[1] Legal strategies include civil commitment, court-ordered treatment and diversion-to-treatment programs, as adjuncts or alternatives to criminal sanctions. Formal strategies are not issued by the criminal legal system, but include institutional facilitation of treatment, like mandatory referrals from employee assistance programs that require drug testing, social assistance, like government benefits or custody of children made contingent on treatment attendance. Informal strategies include family and friends initiating persuasive interpersonal threats and ultimatums (see Wild, 2006).

[2] Classic quality or performance measures are structural, which indicates capacity, systems, and process; process, which indicates what one does to maintain or improve health and reflect generally accepted recommendations for clinical practice; and outcome, which reflects the impact of services on patients (see AHRQ, 2015), but measures important to addiction treatment also include: access, which assesses the extent to which a person who needs and wants care is able to obtain it; composite, which combine results of measures for comprehensively assessing quality care across systems; contextual, which define the context for other measures’ interpretation, and patient experiences of care, which record patients’ perspectives and satisfaction with care received (see ASAM, 2015).

[3] The NQF develops consensus through the independent review of a multistakeholder panel of measures’ importance, scientific acceptability, feasibility, and usability for quality improvement.


Adopted by the ASAM Board of Directors on January 19, 2024.  

  © Copyright 2024. American Society of Addiction Medicine, Inc. All rights reserved. Permission to make digital or hard copies of this work for personal or classroom use is granted without fee provided that copies are not made or distributed for commercial, advertising or promotional purposes, and that copies bear this notice and the full citation on the first page. Republication, systematic reproduction, posting in electronic form on servers, redistribution to lists, or other uses of this material require prior specific written permission or license from the Society. ASAM Public Policy Statements normally may be referenced in their entirety only without editing or paraphrasing, and with proper attribution to the society. Excerpting any statement for any purpose requires specific written permission from the Society. Public Policy statements of ASAM are revised on a regular basis; therefore, those wishing to utilize this document must ensure that it is the most current position of ASAM on the topic addressed.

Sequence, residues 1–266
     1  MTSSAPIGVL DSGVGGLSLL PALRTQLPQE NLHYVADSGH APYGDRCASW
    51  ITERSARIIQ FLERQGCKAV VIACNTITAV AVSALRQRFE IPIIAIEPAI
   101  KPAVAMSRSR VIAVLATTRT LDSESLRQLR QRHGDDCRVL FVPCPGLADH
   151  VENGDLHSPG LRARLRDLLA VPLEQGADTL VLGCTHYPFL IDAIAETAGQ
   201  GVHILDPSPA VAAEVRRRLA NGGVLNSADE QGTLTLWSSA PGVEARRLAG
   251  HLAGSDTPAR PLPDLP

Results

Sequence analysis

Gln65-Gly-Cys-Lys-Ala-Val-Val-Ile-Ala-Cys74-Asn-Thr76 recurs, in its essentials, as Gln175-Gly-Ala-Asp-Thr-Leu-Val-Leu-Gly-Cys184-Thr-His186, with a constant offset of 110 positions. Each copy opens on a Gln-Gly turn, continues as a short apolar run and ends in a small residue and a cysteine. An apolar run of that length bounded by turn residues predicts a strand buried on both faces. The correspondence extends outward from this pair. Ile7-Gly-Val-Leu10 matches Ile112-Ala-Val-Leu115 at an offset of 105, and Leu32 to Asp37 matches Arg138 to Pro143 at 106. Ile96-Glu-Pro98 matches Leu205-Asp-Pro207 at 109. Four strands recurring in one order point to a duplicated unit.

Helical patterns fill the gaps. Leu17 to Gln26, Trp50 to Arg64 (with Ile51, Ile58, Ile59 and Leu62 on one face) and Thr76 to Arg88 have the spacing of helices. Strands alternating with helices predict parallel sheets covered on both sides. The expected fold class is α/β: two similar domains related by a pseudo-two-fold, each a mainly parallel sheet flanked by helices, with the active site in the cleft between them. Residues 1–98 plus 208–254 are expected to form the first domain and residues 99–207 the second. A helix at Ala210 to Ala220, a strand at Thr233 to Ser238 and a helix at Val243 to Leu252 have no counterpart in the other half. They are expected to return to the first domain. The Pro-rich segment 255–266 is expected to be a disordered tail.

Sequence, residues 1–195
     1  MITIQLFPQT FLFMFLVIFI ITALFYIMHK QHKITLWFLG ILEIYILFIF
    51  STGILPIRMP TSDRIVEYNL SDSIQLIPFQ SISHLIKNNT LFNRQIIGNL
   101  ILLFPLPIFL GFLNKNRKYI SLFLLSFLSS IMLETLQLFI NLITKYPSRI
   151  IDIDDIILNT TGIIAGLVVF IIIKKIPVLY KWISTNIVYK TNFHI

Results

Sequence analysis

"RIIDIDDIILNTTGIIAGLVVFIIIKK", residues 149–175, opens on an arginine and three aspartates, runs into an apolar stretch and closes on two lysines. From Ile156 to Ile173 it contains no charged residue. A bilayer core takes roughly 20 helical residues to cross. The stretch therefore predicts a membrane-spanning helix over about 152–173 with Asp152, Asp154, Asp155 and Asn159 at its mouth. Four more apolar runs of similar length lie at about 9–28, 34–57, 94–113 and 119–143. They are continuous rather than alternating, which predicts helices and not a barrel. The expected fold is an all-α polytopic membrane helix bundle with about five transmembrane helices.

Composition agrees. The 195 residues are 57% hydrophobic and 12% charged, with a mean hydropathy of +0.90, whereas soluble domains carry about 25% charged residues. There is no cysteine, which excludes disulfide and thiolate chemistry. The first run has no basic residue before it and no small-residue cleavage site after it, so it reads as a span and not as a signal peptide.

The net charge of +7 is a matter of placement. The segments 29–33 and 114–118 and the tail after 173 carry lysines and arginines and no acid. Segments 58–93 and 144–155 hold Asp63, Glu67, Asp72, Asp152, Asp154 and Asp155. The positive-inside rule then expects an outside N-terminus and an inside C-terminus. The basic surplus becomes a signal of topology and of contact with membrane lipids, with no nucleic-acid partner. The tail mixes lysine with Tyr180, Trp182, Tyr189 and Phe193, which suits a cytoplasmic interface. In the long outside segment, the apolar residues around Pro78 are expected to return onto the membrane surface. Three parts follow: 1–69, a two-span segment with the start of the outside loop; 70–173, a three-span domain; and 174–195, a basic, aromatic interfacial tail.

1. Tucker JA, Chandler SD, Witkiewitz K. Epidemiology of Recovery From Alcohol Use Disorder. Alcohol Res. 2020;40(3):02. doi:10.35946/arcr.v40.3.02
2. Substance Abuse and Mental Health Services Administration. Results from the 2022 National Survey on Drug Use and Health: A Companion Infographic. Published online 2022.
3. Centers for Disease Control and Injury Prevention. Excessive Drinking is Draining the U.S. Economy. Published April 14, 2022. Accessed March 22, 2023.
4. Ahmad F, Cisewski J, Rossen L, Sutton P. Provisional drug overdose death counts. Published online 2023.
5. Johns Hopkins School of Public Health. Principles for the Use of Funds from the Opioid Litigation | JHSPH. Opioid Principles. Published 2021. Accessed March 23, 2023.
6. Maximizing the Impact of Opioid Litigation Settlements. O’Neill. Accessed April 23, 2023.
7. Beauchamp TL. Methods and principles in biomedical ethics. Journal of Medical Ethics. 2003;29(5):269-274. doi:10.1136/jme.29.5.269
8. Bloch S, Kenn F, Lim I. Codes of ethics for psychiatrists: past, present and prospect. Psychol Med. 52(7):1201-1207. doi:10.1017/S0033291722000125
9. American Society of Addiction Medicine. Advancing Racial Justice Policy Series. Default. Published 2022. Accessed November 25, 2023.
10. Wild TC. Social control and coercion in addiction treatment: towards evidence-based policy and practice. Addiction. 2006;101(1):40-49. doi:10.1111/j.1360-0443.2005.01268.x
11. American Psychiatric Association. Principles of Medical Ethics with Annotations Especially Applicable to Psychiatry. Published online 2013.
12. American Society of Addiction Medicine. Medical Ethics with Annotations Applicable to Addiction Medicine. Public Policy Statements. Published January 23, 2019. Accessed October 23, 2023.